“There is so much joy in this ministry. We give a lot to those that come to watch us perform. On the other hand, we all get so much out of performing. When you see the look on people’s faces at the end of the Stations, and feel the joy and love that is there, you know that the prayer of the Stations has been deeply felt and absorbed. It really touches people’s hearts.”
Another article from the Evangelist:
A sad-faced clown sits on a white bench, eyes downcast.
“Say hello to Marmeldook,” a narrator’s voice instructs, beginning a presentation unique to the Albany Diocese: The “Way of the Cross in the Company of Clowns.”
The Clown Ministry Associates — a group of 20 Catholics from around the Diocese — have been performing the Way of the Cross since 1987. That was when three professional clowns and a transitional deacon at St. Patrick’s parish in Ravena got together to find a way to use clowning in a “spiritual vein.”
From all over
The deacon (who, like many of the group, prefers that his name not be used) used his talents at music and drama to write the first script for the “Way of the Cross in the Company of Clowns.” With the help of another man with a background in radio theater, the group revised its script, and requests began to pour in for the presentation.
Today, the Associates range from 10-year-olds to grandparents, and they hail from and perform at churches all over the Diocese twice a week during Lent. Two members of the group are deacons.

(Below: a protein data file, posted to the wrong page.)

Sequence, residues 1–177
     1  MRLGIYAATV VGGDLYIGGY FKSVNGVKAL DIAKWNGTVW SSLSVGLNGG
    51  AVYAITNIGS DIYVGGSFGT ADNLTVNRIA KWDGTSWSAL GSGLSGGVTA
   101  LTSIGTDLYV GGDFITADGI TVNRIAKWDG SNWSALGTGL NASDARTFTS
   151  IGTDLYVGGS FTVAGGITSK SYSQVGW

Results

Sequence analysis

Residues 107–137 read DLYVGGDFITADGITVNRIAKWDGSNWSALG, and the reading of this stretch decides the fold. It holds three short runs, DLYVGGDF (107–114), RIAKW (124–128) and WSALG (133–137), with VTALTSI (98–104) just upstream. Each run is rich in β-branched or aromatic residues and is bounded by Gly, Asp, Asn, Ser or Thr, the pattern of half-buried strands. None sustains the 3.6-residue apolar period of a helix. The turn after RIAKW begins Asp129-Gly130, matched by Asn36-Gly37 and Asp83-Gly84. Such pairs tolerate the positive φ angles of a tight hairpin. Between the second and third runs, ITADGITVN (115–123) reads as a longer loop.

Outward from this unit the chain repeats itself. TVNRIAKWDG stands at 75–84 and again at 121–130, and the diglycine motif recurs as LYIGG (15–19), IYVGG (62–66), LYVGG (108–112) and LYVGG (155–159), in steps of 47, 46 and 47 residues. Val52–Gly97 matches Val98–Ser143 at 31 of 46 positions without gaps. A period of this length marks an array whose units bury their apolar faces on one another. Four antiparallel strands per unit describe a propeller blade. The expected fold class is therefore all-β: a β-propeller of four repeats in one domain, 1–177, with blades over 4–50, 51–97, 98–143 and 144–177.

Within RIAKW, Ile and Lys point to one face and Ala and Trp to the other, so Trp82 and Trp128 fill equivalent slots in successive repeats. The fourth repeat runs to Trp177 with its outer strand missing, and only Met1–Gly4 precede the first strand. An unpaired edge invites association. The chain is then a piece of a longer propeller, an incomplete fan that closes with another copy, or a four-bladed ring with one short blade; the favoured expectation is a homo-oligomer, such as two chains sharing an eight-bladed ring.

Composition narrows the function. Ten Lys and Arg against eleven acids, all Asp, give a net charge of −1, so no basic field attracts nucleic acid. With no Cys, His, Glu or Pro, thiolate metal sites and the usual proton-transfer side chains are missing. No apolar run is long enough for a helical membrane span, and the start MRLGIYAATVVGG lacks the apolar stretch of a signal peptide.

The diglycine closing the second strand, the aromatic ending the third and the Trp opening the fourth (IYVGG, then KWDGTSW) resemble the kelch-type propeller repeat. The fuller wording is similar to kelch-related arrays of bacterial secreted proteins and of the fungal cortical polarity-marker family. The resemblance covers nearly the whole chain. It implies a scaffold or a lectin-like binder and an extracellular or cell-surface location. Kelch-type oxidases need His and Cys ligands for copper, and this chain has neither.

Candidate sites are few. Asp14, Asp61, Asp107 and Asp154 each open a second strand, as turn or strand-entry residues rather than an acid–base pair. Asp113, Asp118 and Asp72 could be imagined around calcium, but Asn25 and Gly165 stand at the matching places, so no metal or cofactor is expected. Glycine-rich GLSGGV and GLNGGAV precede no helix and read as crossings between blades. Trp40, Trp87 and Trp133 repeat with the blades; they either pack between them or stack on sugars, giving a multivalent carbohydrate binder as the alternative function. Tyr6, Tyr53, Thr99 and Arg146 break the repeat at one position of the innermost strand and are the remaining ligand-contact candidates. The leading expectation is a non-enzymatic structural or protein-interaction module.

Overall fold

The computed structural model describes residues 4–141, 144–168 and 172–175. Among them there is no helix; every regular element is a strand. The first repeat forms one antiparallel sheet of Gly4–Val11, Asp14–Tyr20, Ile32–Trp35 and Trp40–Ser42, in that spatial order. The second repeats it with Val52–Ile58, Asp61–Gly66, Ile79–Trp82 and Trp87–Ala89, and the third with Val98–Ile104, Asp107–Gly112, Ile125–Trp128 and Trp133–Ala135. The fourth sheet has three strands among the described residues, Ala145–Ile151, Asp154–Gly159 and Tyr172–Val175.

Young members who leave for college are presented with the farewell gift of a clown’s derby hat and white gloves, and many squeeze in a performance or two when they’re home on vacation.
“It’s kind of a humble group,” explained Jack Ablett, a founding member of Clown Ministry. “We do it out of love for Christ.”
Story of Christ
The presentation’s storyline follows Marmeldook, a sad clown who has lost his friends and his faith, through a journey along the Stations of the Cross with a spirit who enlightens him.
“Nothing is right,” declares Marmeldook at the beginning. “I am in total darkness.”
In response, the spirit invites the clown to meet his friend: Jesus, “the author of truth.” Carrying a lighted candelabra, the spirit leads Marmeldook from Station to Station in a darkened church, explaining Jesus’ struggles as they relate to the clown’s life.
Halfway through the journey, Marmeldook takes the lead, learning to interpret Jesus’ life himself. By the presentation’s end, the sad clown has learned to rejoice in the empty cross at the Resurrection, and joyful clowns mime and play before descending on the audience with hugs and stickers.
Since the clowns’ Way of the Cross began, they have added female lead characters who alternate with the males, a “Greek chorus” of mimes who act out Marmeldook’s feelings and silent mimes who hold crosses that represent the Stations.
The latter change took place because many later-built churches where the troupe performed didn’t have Stations of the Cross. The crosses held by the clowns read simply, “fallen” (for “Jesus falls the first time”) or “a woman dares” (for “Veronica wipes the face of Jesus”).